Washington: Slain al-Qaida leader Osama bin Laden had called for launching jihad against Pakistan and wanted to manipulate the tension between India and Pakistan to achieve this objective, according to newly declassified files seized from his hideout in Pakistan.
In a 42-page booklet originally in Arabic recovered from the Abbottabad compound of bin Laden during the raid by US commandoes in which he was killed, the al-Qaeda leader gives a detailed blueprint on how and where to launch the jihad against Pakistan and establish Islamic rule over the country.
In the booklet, which was released by the Office of Director of National Intelligence today, bin Laden alleged that India was planning to attack Pakistan as part of the larger American game plan to divide Pakistan.
And then he sets his eyes on the entire of South Asia arguing that it is the British colonial rulers who divided the region, which in fact is one country.
"India plans to attack Pakistan," is one of the chapters of the booklet 'Jihad in Pakistan'.
In the booklet, bin Laden wrote, "India has embarked on many important initiatives, except that it is preparing for a decisive grand battle. Among those initiatives are India's bid to purchase 134 fighter aircraft from all over the world, this will be the largest military deal in the history of the whole world."
"India's military training with Britain on the highest fighting fronts, in the mountainous Siachen region on the Pakistani border. America's grand steps in nuclear cooperation with India, through the purchase of an Indian nuclear reactor on Indian soil. India's convening the largest "Strategic War Games" in Hyderabad region.
The booklet referred to India's launch of an Israeli satellite to spy on Pakistan and its alleged announcement of increasing its force size by a million, compared to its current 1,300,000 million soldier force.
"These giant steps predict an incoming storm. India has focused its attention on Pakistan's internal situation. Military analysts interpreted these steps through their statements that India will attack Pakistan, sooner or later," the booklet said.
Laying out his plan of action to wage a successful jihad against Pakistan, bin Laden proposed four-prong action plan.
"We have to launch raids against the Pakistani army that is deployed on the Indian border, because these are vast desert battlefields areas and it will be easy to target them. By these operations, we will realise that these border armies will not come to the rescue of armies that are present in Sarhad and Baluchistan; on the contrary, they will focus their efforts on strengthening their positions in their areas, as they are sensitive areas from the point of view of Pakistan's war with India," he wrote.
Therefore, every attack in these areas will constitute "an anchoring nail" in the foot of the army, impeding it from movement to these areas, he argued.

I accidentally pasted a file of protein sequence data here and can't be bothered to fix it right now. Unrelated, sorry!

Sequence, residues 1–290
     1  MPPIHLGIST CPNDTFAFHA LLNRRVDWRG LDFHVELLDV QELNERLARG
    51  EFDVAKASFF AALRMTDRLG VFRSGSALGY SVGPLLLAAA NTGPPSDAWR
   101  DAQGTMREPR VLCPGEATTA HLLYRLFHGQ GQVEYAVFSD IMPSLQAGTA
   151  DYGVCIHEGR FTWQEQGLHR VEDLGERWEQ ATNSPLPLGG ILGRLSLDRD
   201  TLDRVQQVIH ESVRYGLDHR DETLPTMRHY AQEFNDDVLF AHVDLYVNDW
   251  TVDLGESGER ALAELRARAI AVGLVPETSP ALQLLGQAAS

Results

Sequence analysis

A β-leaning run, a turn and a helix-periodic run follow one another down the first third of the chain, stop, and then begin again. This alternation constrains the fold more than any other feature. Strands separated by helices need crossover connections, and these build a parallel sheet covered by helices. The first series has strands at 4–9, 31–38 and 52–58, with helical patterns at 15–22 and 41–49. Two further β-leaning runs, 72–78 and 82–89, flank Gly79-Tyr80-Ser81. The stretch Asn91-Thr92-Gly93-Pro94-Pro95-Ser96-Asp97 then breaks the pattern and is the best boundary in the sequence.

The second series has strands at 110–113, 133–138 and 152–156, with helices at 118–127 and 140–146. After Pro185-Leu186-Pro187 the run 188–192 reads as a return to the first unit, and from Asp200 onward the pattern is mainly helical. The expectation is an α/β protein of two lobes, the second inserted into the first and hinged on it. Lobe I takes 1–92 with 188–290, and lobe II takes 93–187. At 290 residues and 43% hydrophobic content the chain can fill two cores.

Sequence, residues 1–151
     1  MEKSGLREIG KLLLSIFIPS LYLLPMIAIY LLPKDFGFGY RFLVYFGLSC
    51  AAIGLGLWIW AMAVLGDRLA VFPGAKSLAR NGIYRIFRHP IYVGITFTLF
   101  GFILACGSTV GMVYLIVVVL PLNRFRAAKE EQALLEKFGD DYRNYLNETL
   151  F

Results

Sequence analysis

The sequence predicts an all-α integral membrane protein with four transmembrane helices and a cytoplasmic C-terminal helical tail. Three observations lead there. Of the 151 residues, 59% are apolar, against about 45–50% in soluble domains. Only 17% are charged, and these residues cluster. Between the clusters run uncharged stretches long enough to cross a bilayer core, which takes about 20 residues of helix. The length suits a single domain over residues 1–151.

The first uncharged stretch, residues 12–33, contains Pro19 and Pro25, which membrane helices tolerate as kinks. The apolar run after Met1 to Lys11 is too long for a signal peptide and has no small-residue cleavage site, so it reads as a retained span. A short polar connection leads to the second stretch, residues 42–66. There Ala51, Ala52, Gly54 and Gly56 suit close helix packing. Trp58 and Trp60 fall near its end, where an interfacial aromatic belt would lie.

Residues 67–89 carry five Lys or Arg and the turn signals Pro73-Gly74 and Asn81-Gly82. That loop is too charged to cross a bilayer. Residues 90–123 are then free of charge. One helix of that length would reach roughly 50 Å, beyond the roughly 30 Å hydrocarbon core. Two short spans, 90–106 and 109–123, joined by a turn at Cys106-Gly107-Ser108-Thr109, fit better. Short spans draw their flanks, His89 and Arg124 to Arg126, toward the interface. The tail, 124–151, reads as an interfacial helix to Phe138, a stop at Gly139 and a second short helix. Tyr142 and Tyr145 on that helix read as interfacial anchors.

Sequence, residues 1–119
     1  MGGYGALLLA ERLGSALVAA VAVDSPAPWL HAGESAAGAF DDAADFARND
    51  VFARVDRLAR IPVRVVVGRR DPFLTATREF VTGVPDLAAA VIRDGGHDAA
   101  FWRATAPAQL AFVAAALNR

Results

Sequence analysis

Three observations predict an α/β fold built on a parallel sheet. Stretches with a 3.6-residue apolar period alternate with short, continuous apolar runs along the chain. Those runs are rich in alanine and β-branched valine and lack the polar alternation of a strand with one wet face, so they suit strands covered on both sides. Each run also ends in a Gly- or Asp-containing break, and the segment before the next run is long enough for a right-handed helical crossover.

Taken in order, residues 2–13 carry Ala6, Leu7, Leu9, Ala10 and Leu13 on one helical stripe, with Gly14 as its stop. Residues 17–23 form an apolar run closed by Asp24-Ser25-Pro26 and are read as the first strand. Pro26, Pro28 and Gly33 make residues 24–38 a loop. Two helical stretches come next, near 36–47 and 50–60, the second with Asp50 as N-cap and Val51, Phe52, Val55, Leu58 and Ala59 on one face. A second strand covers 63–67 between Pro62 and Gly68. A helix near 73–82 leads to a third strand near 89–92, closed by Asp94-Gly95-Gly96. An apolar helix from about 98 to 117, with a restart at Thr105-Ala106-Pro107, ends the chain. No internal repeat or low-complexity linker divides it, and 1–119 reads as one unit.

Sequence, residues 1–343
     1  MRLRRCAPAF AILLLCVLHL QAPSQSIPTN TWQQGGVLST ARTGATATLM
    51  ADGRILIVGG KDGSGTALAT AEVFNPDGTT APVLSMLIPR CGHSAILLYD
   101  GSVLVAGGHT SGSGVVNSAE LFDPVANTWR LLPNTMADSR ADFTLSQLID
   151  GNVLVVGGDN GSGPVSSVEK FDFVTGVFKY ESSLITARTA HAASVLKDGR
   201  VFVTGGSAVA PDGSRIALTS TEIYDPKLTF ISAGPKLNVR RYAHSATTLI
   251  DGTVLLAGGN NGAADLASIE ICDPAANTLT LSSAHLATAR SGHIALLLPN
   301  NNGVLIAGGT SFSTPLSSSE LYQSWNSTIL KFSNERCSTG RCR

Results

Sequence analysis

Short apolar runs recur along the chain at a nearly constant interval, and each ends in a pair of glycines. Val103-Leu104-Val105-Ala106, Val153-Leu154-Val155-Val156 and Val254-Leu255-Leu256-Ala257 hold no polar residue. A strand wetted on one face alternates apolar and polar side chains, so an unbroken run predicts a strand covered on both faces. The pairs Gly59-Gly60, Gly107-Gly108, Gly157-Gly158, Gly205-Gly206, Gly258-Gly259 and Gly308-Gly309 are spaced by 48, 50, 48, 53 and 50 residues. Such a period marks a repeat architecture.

Then bin Laden called for weakening "law and order"
through the waging of attacks against selected targets in Punjab, in a manner that the army will be compelled to intervene and control the situation.
"This will be another important success for us because Punjab army units will be compelled to remain there and will be unable to free themselves and devote energies to Sarhad region," he wrote.
"If we could achieve those two objectives, we will accelerate the departure of a large number of army in Punjab and Sindh. After that, we will have to focus on suffocating the army and isolating its eastern part from the western one. There are special passes that were used through the centuries, from Punjab and Sindh to Sarhad and Baluchistan, like Mianuwali Walih, and Khaddar and others," he wrote.
"If we can make these passes - which the government has shown no interest in maintaining - difficult for the army to pass, and close them operationally, we will be isolating the two corps located in Sarhad and Baluchistan region from the remaining corps in the Eastern part."
"After that, if we begin to pressure the remaining army in the western part by intensifying our Jihad and military call, we trust in God almighty, that this army which surrendered to India in Bengal when it was 90,000 thousand, will crumble in front of the Mujahidin for the sake of God in a much quicker manner; especially if they realise that they are besieged from all sides, and their link with Punjab and Sindh is severed," bin Laden wrote.
In the booklet, the al Qaeda leader appears to refuse to accept the partition of the sub-continent in 1947.
"Pakistan is not just Pakistan, but it is the Indian sub-continent," he wrote.
"The other important point is that the British divided Pakistan and India in the same weird manner that they divided Pakistan and Afghanistan," he wrote.
"Also, from the historical aspect, it is a given that a subcontinent is one contiguous region, and whatever happens on the western side (ie current Pakistan) echoes spontaneously in the eastern one (ie current India), and this echo does not stop except at the Bay of Bengal waves," the booklet said.
"Therefore, Mujahid leadership must consider in their minds the subcontinent as a whole before planning any future programme; otherwise we will harm ourselves by any planning that is based on incomplete analysis," he wrote.